Khalifa Umar bin al-Khattab - Conquest Of Khurasan
Khalifa Umar bin al-Khattab - Conquest Of KhurasanAs the Muslims advanced in Persia, the Persian emperor Yazdjurd moved from province to province until he came to the outlying province Khurasan. It is related that while fleeing to Khurasan in the way he had a dream. In the dream he saw himself and the Holy Prophet of Islam presented before God. Allah decreed that the Muslims should have Persia for a hundred years. The Holy Prophet of Islam wanted that this period should be increased. Allah raised the period to 120 years. The Prophet of Islam represented again and Allah said "Alright let the Muslims have Persia for as much time as you like." When Yazdjurd was to represent his point of view to God, he was awakened by his servants. Yazdjurd felt disconsolate as the dream signified that he and his dynasty were to lose Persia for ever. In Khurasan the emperor Yazdjurd settled at Merv.
When other provinces had fallen, Umar decided that the Muslims should launch the attack against Khurasan and drive the emperor out of the country. Urnar appointed Ahnaf bin Qais to the chief command in the campaign against Khurasan Ahnaf bin Qais accordingly started with his army from Isfahan. From Isfahan two routes led to Khurasan. The main highway was via Rayy and Nishapur. The other route which was less frequented led to Herat by passing Nishapur, and then to Merv. Ahnaf chose to follow the less frequented route.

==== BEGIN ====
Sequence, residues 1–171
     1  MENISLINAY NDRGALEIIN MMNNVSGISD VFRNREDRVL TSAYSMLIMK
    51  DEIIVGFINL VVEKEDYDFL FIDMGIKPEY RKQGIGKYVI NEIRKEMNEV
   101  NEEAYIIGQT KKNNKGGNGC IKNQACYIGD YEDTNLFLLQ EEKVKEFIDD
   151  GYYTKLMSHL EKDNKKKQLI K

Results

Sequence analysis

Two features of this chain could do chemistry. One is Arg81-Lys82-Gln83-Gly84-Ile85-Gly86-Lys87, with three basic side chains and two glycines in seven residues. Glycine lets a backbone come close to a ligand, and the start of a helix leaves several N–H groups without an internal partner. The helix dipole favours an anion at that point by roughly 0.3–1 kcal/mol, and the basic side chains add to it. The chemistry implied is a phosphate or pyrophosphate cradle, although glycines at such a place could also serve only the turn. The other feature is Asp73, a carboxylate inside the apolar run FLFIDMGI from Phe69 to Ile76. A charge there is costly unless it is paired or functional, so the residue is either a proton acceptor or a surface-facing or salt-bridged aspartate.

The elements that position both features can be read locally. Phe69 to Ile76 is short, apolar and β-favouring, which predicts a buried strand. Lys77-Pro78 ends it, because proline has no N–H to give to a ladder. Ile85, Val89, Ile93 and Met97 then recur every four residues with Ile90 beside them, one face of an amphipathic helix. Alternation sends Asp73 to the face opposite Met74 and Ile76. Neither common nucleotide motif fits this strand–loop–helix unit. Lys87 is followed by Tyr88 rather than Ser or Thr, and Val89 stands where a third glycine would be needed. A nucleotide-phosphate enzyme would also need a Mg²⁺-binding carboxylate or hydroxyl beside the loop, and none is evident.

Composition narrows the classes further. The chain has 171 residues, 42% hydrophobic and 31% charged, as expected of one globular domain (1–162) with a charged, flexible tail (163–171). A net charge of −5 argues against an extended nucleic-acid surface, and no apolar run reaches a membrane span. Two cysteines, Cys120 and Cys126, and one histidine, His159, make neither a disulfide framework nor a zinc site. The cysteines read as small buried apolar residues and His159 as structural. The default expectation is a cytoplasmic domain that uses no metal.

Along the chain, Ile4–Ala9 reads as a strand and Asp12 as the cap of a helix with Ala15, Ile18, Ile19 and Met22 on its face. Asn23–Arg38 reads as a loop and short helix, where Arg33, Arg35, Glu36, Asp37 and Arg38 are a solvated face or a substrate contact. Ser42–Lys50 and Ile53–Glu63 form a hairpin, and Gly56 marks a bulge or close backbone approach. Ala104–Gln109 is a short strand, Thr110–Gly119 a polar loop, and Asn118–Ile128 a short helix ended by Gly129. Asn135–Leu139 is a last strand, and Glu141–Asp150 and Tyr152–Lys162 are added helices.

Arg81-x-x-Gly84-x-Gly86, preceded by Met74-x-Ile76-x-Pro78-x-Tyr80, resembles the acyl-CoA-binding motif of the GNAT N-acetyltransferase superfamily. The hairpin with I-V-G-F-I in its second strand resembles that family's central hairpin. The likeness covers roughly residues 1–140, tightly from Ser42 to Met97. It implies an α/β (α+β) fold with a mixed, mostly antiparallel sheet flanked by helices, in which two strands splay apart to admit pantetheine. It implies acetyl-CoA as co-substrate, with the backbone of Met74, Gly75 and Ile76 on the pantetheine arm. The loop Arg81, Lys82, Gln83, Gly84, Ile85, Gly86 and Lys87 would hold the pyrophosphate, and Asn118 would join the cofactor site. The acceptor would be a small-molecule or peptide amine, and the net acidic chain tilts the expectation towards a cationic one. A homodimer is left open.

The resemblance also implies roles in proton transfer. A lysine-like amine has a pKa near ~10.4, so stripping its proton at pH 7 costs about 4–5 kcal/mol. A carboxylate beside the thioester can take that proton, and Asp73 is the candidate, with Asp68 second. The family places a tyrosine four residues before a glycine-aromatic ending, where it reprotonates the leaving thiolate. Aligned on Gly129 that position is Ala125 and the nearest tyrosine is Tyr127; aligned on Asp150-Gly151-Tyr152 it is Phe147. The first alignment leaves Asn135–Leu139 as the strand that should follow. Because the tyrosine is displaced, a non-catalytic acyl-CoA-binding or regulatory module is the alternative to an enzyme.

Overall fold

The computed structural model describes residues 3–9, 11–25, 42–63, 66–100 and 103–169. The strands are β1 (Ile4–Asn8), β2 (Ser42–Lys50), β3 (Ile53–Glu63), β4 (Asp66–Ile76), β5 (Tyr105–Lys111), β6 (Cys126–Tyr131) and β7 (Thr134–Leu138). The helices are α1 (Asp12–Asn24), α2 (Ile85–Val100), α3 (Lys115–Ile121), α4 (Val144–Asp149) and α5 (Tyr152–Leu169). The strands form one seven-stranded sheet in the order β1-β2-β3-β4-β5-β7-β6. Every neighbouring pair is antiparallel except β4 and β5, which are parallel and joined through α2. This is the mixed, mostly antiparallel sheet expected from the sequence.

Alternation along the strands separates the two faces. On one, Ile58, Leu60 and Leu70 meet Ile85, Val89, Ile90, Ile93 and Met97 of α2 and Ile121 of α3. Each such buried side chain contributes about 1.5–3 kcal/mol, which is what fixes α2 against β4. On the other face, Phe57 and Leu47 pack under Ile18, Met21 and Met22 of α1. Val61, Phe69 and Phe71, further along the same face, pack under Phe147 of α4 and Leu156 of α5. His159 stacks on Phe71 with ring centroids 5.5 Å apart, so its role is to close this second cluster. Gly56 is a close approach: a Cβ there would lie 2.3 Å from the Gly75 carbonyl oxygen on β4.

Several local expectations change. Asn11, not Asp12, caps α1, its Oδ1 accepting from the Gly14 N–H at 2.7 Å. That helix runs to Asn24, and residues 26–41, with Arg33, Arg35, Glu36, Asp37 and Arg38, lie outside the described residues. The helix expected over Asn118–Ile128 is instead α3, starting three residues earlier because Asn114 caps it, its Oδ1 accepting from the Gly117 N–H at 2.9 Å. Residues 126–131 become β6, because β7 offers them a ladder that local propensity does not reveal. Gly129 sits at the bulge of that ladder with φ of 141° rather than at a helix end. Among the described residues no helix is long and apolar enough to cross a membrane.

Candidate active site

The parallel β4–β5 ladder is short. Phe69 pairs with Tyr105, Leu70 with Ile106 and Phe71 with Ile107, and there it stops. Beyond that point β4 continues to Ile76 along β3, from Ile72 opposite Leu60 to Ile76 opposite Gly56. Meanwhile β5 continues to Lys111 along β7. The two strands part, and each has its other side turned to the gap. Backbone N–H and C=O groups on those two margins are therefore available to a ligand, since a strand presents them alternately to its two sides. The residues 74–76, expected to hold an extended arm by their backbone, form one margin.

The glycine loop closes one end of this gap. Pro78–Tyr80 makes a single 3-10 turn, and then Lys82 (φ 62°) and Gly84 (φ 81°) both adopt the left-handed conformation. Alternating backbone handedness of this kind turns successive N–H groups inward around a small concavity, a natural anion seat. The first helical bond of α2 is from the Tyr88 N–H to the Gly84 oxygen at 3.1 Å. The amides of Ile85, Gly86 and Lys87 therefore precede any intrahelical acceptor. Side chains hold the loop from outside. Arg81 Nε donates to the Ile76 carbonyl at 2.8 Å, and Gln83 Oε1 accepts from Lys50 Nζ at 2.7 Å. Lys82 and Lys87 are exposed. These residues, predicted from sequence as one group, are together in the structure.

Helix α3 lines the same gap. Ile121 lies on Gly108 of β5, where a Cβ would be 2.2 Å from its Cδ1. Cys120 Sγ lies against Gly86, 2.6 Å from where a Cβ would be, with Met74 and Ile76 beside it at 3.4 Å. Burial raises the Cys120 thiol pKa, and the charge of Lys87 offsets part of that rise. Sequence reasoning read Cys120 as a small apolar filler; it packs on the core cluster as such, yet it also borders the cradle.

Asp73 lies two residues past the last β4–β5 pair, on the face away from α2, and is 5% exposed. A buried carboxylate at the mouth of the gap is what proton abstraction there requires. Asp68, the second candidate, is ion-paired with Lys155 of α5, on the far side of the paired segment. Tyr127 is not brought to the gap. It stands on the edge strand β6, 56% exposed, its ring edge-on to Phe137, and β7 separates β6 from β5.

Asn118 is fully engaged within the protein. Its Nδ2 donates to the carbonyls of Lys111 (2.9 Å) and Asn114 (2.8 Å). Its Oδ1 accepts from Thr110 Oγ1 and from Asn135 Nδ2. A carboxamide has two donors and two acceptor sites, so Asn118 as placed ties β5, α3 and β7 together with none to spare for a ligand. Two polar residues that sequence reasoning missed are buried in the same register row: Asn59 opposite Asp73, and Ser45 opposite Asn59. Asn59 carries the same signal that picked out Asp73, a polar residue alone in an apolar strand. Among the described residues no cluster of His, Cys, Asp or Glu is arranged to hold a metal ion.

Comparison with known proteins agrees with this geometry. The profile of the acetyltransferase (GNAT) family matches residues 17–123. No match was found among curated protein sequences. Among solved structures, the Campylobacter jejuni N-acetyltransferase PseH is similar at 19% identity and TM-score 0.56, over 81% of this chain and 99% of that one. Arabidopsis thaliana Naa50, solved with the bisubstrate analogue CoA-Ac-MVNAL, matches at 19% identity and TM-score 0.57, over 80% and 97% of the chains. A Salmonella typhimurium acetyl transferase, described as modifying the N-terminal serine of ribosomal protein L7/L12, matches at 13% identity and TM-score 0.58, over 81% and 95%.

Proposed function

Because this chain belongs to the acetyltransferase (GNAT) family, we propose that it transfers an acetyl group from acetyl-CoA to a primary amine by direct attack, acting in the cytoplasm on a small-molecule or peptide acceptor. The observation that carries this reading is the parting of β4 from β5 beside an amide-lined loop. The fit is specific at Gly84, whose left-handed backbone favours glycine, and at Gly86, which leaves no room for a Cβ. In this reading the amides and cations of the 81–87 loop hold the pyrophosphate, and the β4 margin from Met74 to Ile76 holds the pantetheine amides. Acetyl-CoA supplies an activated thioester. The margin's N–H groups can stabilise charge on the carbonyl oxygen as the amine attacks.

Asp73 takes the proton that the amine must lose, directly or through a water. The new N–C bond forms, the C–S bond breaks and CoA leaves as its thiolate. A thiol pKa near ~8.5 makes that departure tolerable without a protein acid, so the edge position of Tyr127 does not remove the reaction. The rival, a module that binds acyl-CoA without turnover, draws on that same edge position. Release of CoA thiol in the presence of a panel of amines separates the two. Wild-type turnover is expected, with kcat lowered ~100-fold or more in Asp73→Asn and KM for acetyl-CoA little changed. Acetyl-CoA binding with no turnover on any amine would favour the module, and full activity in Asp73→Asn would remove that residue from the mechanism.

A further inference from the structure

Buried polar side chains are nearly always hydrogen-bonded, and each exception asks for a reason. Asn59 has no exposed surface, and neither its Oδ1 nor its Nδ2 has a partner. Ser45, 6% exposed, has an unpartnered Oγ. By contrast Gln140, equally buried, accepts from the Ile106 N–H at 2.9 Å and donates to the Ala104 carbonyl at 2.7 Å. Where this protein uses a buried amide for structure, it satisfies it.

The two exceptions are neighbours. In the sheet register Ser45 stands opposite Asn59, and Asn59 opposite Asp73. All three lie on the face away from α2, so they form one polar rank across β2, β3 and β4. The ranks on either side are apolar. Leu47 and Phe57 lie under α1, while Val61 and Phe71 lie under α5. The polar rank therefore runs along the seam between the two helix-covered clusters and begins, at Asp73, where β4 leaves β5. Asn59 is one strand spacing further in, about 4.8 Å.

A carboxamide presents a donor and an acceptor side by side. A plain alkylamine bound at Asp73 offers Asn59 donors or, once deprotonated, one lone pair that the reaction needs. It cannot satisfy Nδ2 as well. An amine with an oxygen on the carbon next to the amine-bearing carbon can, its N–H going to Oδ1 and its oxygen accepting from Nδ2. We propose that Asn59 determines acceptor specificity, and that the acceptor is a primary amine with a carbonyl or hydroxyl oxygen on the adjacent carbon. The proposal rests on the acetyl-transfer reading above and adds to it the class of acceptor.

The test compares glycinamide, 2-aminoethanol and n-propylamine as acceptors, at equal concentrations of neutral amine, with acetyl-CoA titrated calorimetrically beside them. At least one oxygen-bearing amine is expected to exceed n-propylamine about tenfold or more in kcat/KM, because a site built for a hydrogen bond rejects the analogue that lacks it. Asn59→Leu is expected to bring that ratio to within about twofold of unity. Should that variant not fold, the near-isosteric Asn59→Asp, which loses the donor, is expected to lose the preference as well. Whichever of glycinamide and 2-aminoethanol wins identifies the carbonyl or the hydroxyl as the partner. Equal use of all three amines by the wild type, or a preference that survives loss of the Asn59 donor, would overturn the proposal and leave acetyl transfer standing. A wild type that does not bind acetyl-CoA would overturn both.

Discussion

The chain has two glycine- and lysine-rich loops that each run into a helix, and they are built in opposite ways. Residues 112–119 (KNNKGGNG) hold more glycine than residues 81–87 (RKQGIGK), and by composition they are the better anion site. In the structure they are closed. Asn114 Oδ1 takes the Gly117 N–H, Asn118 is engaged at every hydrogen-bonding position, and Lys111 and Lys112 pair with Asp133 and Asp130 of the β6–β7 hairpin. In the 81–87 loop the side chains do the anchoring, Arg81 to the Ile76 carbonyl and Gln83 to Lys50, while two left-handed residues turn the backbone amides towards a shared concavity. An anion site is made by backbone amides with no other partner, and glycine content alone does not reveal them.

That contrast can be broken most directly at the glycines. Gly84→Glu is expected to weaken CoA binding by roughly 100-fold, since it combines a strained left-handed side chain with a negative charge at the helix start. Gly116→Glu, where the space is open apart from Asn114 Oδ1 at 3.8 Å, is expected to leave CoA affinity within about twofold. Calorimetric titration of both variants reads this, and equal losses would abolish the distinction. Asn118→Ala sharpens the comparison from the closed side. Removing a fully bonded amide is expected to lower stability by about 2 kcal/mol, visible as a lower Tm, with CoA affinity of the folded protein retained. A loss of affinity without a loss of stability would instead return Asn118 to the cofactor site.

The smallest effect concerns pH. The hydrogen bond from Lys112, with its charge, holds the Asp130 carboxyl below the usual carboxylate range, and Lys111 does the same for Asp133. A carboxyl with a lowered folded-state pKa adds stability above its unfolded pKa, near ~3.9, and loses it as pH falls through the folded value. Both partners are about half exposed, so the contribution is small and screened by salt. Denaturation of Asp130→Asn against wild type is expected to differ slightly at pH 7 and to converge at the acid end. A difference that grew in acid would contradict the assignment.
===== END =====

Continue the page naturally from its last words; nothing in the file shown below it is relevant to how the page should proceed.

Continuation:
On the march to Herat the first encounter took place at Tabas. After a feeble resistance the Persian garrison surrendered.
The next encounter took place at Tun. Here too the Persian garrison surrendered.
On reaching Herat, the Muslim army besieged the town. Details of the campaign are not known. It is recorded in contemporary histories that the Persians put up stiff resistance but they were defeated and laid down arms. Herat was occupfed by the Muslims and Ahnaf stayed there for some time to reorganise the administration.
From Herat, Ahnaf sent a column against Nishapur. Some resistance was offered but ultimately Nishapur was captured.
From Nishapur the Muslim forces proceeded to Tus and occupied it after overpowering the Persian garrison.
After clearing these pockets the main Persian town of Merv was made as the target. Merv was the capital of Khurasan and here Yazdjurd held his court. On hearing of the Muslim advance, Yazdjurd left for Balkh. No resistance was offered at Merv, and the Muslims occupied the capital of Khurasan without firing a shot.
Ahnaf stayed at Merv for some time to reorganise the administration and to await further reinforcements from Kufa. In the meantime the Persian forces gathered in considerable strength at Balkh. Yazdjurd sought aid from the neighbouring state Farghana and the Khan of Farghana personally led a Turkish contingent to Balkh.
Having received reinforcements, Ahnaf led the Muslim forces to Balkh. The Muslims had experience of fight with the Persians but they had little experience of war with the Turks. Ahnaf wanted to avoid war with the Turks, and in this connection he thought of ways whereby the Turks should abandon the cause of Yazdjurd. It was reported to Ahnaf that the practice with the Turks were that in the morning three heralds blew bugles and then the Turkish force marched to the battle.